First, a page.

What human and material resources are available or needed.
6. Short-term communication process:
Staff, faculty, students, families, etc.
7. Next meeting time.
Communication Methods Worksheet
Method of Communication
Families of Resident Students
Families of Non-resident Students
Families of Employees
Families of Campus Visitors
Meredith College Incident Management Team
Bill Wade, Vice President for Business & Finance, ext. 8516
Safety and Health Committee Chair
Tom Sherry, Director of Facilities Services, ext. 8011
Incident Management Sub-committee
Ann Gleason, Sub-committee Chair, Dean of Students, ext. 8521
Frank Strickland, Campus Police Chief, ext. 8888
Sherry Tompkins, Director of Marketing & Communications, ext. 8455
Kristi Eaves-McLennan, Assistant Director of Communications, ext. 8455
Charletta Sims, Director of Commuter Life and Special Services, ext. 8633
Heidi LeCount, Director of Residence Life, ext. 8633
Beth Meier, Director of Counseling Center, ext. 8427
Sam Carothers, Campus Minister, ext. 8346
Hope Parrish, SGA President, 754-1605
Dealing with the Media during a Crisis
A. Dos and Don’ts
During an emergency DO:
1. Release only verified information.
2. Escort the news media everywhere on the emergency site.
3. Have a designated spokesperson.
4. Keep accurate records and logs of all inquiries and news coverage.
5. Learn media deadlines and try to meet them.
6. Provide equal opportunities and facilities for print and electronic media.
7. Have a clear idea of what can and cannot be released.
8. Carefully coordinate planning and implementation of public relations activities with other aspects of the comprehensive emergency plan.
During an emergency DO NOT:
1. Idly speculate on the causes of the emergency.
2. Speculate on the resumption of normal operations.
3. Speculate on the outside effects of the emergency.
4. Speculate on the dollar value of losses.
5. Interfere with the legitimate duties of news people.
6. Permit unauthorized spokesperson to comment to the media.
7. Attempt to cover up, or purposely mislead the news media.
8. Place blame for the emergency.
B. General Guidelines for Dealing with the Media during a Crisis
¨ The College Spokesperson and Office of Marketing & Communications will respond in the most expedient manner possible with information for media during a crisis. If the College does not release information for media, it will come from another source.
¨ If media initiates contact prior to a crisis decision being made, the Office of Marketing & Communications will neither confirm nor deny the incident/issue; but will investigate and return the call.
¨ The Office of Marketing & Communications will always attempt to coordinate release of information with responding emergency agencies—so both parties release the same information.
¨ The designated spokesperson should always be thoroughly briefed and constantly updated on status of the incident.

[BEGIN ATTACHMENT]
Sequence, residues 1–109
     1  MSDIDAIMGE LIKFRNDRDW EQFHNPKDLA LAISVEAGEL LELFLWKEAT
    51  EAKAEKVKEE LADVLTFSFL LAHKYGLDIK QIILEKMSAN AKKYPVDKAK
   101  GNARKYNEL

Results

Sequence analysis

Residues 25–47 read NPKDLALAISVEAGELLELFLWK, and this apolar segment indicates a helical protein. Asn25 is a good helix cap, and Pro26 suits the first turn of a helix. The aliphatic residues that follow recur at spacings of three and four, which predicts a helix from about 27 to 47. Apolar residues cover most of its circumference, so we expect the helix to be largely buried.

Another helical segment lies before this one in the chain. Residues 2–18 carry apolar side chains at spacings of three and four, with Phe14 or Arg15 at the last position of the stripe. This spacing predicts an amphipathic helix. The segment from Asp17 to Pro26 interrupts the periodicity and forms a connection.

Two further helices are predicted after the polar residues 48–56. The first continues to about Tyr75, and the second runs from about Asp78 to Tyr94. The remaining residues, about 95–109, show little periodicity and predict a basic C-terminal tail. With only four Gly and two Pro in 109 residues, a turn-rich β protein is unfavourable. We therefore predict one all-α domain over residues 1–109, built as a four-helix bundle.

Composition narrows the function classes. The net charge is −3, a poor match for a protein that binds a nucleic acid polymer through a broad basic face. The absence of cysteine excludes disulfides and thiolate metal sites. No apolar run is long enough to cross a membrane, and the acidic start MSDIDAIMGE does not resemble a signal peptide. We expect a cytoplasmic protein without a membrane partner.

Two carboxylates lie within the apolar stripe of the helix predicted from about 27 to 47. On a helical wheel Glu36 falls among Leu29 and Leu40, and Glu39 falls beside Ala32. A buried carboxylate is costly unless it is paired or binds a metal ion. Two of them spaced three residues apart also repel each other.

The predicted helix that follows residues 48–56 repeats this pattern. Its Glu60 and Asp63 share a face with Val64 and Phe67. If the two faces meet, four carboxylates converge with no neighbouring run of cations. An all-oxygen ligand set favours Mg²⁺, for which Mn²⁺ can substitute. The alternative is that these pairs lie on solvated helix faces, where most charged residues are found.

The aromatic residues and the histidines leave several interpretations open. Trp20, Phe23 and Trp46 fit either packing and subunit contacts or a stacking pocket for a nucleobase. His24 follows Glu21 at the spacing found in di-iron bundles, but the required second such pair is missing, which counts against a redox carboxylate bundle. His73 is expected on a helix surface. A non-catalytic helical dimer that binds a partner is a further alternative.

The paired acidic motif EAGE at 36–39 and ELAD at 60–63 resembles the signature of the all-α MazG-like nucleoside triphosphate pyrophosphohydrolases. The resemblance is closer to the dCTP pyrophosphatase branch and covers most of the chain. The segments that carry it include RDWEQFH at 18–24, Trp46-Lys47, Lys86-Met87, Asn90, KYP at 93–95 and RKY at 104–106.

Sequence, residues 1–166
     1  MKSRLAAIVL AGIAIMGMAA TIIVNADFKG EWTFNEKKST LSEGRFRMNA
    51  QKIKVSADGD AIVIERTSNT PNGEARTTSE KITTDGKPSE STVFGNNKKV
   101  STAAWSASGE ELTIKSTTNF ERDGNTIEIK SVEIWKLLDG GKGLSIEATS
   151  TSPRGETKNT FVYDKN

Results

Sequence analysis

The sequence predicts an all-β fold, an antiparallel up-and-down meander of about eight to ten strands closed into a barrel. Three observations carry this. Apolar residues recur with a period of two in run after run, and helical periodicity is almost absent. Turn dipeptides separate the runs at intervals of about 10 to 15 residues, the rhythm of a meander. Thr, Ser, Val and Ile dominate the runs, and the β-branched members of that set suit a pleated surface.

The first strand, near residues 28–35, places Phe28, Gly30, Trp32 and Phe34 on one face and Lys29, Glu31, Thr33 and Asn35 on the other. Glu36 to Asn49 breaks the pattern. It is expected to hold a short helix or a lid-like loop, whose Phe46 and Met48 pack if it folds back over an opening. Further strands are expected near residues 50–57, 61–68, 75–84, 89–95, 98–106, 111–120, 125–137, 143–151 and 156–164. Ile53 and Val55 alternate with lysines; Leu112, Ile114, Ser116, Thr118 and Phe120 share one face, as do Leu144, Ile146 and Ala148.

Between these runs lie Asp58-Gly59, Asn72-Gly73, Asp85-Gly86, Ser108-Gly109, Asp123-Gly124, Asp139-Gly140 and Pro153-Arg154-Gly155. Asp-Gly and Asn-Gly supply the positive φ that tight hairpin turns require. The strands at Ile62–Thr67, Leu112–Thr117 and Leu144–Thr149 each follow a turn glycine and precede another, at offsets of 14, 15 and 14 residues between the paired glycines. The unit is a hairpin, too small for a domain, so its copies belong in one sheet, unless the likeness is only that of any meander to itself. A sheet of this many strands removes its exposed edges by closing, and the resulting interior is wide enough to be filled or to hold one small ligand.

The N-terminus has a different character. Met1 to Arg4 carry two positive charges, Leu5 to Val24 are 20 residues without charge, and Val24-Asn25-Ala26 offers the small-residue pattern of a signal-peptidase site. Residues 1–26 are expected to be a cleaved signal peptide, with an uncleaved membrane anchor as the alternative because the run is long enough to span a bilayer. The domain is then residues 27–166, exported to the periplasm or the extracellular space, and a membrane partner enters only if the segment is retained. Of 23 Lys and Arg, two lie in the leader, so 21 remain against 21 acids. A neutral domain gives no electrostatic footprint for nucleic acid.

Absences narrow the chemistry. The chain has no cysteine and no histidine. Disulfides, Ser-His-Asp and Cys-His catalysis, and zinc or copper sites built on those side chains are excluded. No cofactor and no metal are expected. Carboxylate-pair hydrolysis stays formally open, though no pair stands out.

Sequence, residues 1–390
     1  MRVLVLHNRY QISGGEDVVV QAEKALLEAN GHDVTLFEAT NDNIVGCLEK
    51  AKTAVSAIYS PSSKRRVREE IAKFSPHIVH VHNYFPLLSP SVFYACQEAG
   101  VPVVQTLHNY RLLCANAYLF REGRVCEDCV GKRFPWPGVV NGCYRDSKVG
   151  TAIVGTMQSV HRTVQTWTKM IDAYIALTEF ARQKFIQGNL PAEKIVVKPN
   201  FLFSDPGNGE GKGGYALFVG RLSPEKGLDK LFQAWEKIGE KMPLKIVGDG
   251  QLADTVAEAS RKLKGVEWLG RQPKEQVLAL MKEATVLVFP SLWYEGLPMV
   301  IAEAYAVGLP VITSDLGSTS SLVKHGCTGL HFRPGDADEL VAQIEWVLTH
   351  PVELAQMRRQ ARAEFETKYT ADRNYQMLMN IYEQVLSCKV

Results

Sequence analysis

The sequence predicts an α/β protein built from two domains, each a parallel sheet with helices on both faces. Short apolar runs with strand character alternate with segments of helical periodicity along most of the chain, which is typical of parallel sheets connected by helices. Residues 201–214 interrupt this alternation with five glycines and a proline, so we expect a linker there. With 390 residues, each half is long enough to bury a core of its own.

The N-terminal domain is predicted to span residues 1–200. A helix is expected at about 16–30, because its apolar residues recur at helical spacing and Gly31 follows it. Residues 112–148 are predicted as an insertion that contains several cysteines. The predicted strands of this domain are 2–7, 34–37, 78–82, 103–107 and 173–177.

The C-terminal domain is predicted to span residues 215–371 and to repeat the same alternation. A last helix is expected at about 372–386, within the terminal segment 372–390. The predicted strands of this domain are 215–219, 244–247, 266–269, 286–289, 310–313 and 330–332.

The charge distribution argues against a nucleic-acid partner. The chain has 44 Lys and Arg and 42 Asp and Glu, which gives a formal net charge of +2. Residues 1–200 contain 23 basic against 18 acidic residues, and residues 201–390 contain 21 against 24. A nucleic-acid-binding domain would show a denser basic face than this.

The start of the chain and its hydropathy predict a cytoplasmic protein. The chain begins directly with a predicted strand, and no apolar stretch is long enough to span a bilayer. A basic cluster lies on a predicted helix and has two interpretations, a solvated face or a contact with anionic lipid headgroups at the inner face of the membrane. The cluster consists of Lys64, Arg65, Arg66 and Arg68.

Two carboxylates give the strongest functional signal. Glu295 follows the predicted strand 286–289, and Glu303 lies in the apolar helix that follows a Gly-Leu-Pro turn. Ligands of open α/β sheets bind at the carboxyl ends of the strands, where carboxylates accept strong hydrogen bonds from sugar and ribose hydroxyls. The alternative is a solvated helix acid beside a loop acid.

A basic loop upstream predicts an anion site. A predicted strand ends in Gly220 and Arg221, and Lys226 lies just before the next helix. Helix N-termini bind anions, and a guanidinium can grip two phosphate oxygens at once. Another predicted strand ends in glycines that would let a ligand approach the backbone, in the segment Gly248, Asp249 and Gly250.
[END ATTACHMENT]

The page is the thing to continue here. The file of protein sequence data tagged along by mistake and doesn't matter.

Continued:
¨ If the incident appears to be of short duration, an approved follow-up statement will be issued, including a summary of the incident.
¨ If it appears to be a major, prolonged incident, the College Spokesperson and Office of Marketing & Communications will arrange for regularly scheduled media update briefings. At each briefing there will be a recap of the incident and any new information provided.
¨ If there is important new information, it will be shared with the media as quickly as possible by phone, fax and/or special media briefing.
¨ If possible, coordinate with television/radio stations to come up with a mutually acceptable plan for interviews that will allow live coverage to be carried without giving preferential treatment.
¨ Clearly state at the beginning of initial briefing that all verified information that the crisis team has will be passed on and there will be no information given off the record. All information will be provided at the press gathering.
¨ The College will prohibit release of an individual’s name who has been involved in an injury or fatality until his/her family has been notified.
¨ The College will not give the media access to the families of anyone injured or killed, unless the families expressly grant permission.
¨ The College will release location(s) treating injured persons, i.e. Rex Hospital, etc. Hospital media professionals are trained to answer media questions regarding treatment and status of patients.
¨ The College will work in contact with hospital spokesperson when releasing any information regarding an injured person’s current condition.
¨ Refer to Spokesperson guidelines for further information.
Media Log Sheet
Date/time of call
Return call by
Summary of inquiry
Who responded to inquiry?
Summary of response
Further action needed?
Marketing & Communications Contact List
Home Pager Cell
Sherry Tompkins, Director
Kristi Eaves-McLennan, Asst. Dir.
Melyssa Allen, Projects Writer
Andrea Weaver, Web Editor
Kaye Rains, Office Manager
Kim Marcom, Graphics Mgr.
Betty Crenshaw, Graphic Dgr.
David Timberlake, Web Dgr.
What was successful:
What process should be improved:
What did you learn: